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Big week for the “Big Lie” in the Supreme Court

Big week for the “Big Lie” in the Supreme Court

In its final week in session, the US Supreme Court will decide two cases involving Donald Trump’s attempt to overthrow the 2020 election. Both cases stem from a conspiracy spread by Trump and his allies that Joe Biden stole the 2020 election through voter fraud. This stolen election conspiracy, dubbed the “Big Lie,” has deeply wounded American democracy, and it motivated thousands of Trump’s supporters to storm the Capitol on Jan. 6, 2021.

The first case, on presidential immunity, looks at whether former presidents can be criminally prosecuted for actions taken while in office. Trump is using this claim to delay his federal indictment in DC – arguing that presidential immunity prevents him from being prosecuted for his actions on Jan. 6. Special counsel Jack Smith has argued that the broad scope Trump proposes would give presidents a free pass for criminal conduct.

When the court heard the oral arguments in April, they appeared ready to rule that presidents have some degree of immunity, which would further delay the DC case and make it all but guaranteed that it is not decided before November’s election.

“It’s already looking pretty difficult for the district court judge to proceed with a full pre-election trial,” says Eurasia Group analyst Noah Daponte-Smith, “but the Supreme Court could essentially put the nail in the coffin there. With the other delays in the documents trial and the Georgia case, it’s looking increasingly likely that Trump’s Manhattan conviction will be the only one he faces before the election.”

In the second case, the Supreme Court will decide whether the Department of Justice can use a federal obstruction statute to charge rioters involved in Jan. 6. A decision against the DOJ could not only disrupt the prosecutions of hundreds of rioters but also eliminate half of the charges against Trump in the DC case.

Regardless of how the cases are decided, the damage done to American democracy because of the stolen election conspiracy cannot be undone. Nearly 300 election deniers ran for state and congressional offices in 2022, and 159 of them won. A 2023 Monmouth poll found that 30% of Americans believe the election was fraudulent, and that number jumps to 57% among white Americans. Only 20% of Americans feel “very confident” in the integrity of the US election system.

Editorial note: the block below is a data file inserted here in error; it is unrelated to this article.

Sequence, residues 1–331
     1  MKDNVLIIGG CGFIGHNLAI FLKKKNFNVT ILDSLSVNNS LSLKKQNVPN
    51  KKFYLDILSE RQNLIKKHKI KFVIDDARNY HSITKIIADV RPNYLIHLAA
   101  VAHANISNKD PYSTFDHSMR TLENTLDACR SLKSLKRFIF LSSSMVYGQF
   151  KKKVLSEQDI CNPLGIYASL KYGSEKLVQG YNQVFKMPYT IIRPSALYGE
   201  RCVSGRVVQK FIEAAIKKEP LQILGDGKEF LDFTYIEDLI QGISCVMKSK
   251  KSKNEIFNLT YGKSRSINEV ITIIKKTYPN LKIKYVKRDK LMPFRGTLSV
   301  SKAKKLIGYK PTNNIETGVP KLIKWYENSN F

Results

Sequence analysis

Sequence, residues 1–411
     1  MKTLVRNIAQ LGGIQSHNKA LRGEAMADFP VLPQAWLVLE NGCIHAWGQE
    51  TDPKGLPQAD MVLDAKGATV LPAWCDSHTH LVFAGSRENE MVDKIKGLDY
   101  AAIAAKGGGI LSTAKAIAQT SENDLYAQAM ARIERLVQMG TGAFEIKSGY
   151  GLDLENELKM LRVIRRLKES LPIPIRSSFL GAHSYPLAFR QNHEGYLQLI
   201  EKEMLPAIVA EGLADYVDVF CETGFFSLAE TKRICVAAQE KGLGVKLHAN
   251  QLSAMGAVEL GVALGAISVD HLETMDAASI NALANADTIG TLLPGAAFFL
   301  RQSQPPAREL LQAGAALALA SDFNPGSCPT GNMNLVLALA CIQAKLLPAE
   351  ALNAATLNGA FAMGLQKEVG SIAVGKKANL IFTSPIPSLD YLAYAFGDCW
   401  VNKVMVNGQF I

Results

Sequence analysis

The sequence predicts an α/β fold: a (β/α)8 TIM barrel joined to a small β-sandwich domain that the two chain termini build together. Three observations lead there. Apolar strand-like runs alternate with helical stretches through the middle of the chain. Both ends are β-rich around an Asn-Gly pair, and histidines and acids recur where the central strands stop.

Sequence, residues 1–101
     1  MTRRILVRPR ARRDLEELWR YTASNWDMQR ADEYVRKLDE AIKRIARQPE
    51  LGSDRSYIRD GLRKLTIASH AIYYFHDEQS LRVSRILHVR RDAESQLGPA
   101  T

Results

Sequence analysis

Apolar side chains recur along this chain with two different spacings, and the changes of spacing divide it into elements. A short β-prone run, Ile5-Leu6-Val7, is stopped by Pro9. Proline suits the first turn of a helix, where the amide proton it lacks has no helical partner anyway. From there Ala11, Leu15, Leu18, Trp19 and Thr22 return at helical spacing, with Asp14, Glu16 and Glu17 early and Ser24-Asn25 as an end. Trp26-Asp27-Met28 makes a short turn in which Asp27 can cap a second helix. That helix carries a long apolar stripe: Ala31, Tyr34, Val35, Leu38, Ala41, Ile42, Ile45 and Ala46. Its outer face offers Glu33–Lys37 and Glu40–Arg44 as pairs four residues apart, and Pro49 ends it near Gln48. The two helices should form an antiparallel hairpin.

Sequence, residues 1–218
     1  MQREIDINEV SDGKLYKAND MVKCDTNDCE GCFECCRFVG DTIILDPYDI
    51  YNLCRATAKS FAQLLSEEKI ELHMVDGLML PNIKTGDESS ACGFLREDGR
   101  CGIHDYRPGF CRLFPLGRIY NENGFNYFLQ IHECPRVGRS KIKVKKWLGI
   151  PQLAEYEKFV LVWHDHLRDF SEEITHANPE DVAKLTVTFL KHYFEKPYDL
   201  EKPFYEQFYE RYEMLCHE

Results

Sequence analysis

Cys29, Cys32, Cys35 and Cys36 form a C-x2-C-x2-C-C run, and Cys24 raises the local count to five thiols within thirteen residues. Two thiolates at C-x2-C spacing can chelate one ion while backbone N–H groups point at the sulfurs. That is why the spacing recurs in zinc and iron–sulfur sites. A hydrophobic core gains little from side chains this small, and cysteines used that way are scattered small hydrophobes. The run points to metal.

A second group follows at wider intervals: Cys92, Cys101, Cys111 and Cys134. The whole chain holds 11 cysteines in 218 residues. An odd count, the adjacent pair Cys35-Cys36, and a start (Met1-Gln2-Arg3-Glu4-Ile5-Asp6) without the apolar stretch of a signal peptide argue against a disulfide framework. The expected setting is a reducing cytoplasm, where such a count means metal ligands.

Why was the stolen election conspiracy so widely believed? Like all good conspiracies, this one spread like wildfire because it had kernels of truth and grounds for doubt. The truth: The 2020 election was unprecedented, largely because of the COVID-19 pandemic increasing absentee voting. Grounds for doubt: Few Americans understand the procedures and processes behind elections, making it easy for falsehoods about voting machines, mail-in ballots, and vote counts to take root.

In 2020, states saw an uptick in voters opting to vote by mail – particularly among Democrats – because of the COVID-19 pandemic. This delayed the vote count, with election experts warning ahead of time that many states would at first appear red, only to shift blue once all the ballots were counted. When this happened, Trump doubled down on undermining the mail-in ballots, saying “last night I was leading, often solidly, in many key states, in almost all instances Democrat run & controlled. Then, one by one, they started to magically disappear as surprise ballot dumps were counted. VERY STRANGE.”

The 2020 attack on the Capitol was deadly, resulting in five deaths and numerous injuries. But those who carried it out believed they were defending democracy from voter fraud, even as they hindered a cornerstone of the democratic process: the peaceful transfer of power. There are already signs that Trump is likely to claim voter fraud if he loses in 2024, with an analysis by The New York Times finding that he has cast doubt about the fairness of the 2024 election about once a day, on average, since he announced his candidacy. At a minimum, this could lead to more voters losing faith in elections. Or in the worst case, it could spur another Jan. 6-like event if Biden wins in November.

That’s why GZERO did a deep dive into the conspiracy theories that are having the biggest impact on politics in a new immersive experience, The Disinformation Election: Will the Wildfire of Conspiracy Theories Impact the Vote?Click here to go down the rabbit hole.


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